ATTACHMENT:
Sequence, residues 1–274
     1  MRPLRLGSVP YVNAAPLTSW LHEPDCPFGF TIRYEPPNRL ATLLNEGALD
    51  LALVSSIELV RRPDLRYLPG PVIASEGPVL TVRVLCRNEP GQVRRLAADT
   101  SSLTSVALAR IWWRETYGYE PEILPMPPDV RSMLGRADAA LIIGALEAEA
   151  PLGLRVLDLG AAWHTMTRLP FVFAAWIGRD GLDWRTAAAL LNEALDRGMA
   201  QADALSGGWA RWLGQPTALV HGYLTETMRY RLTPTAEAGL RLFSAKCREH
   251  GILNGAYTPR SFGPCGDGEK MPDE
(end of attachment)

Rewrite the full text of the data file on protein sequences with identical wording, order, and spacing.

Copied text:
Sequence, residues 1–274
     1  MRPLRLGSVP YVNAAPLTSW LHEPDCPFGF TIRYEPPNRL ATLLNEGALD
    51  LALVSSIELV RRPDLRYLPG PVIASEGPVL TVRVLCRNEP GQVRRLAADT
   101  SSLTSVALAR IWWRETYGYE PEILPMPPDV RSMLGRADAA LIIGALEAEA
   151  PLGLRVLDLG AAWHTMTRLP FVFAAWIGRD GLDWRTAAAL LNEALDRGMA
   201  QADALSGGWA RWLGQPTALV HGYLTETMRY RLTPTAEAGL RLFSAKCREH
   251  GILNGAYTPR SFGPCGDGEK MPDE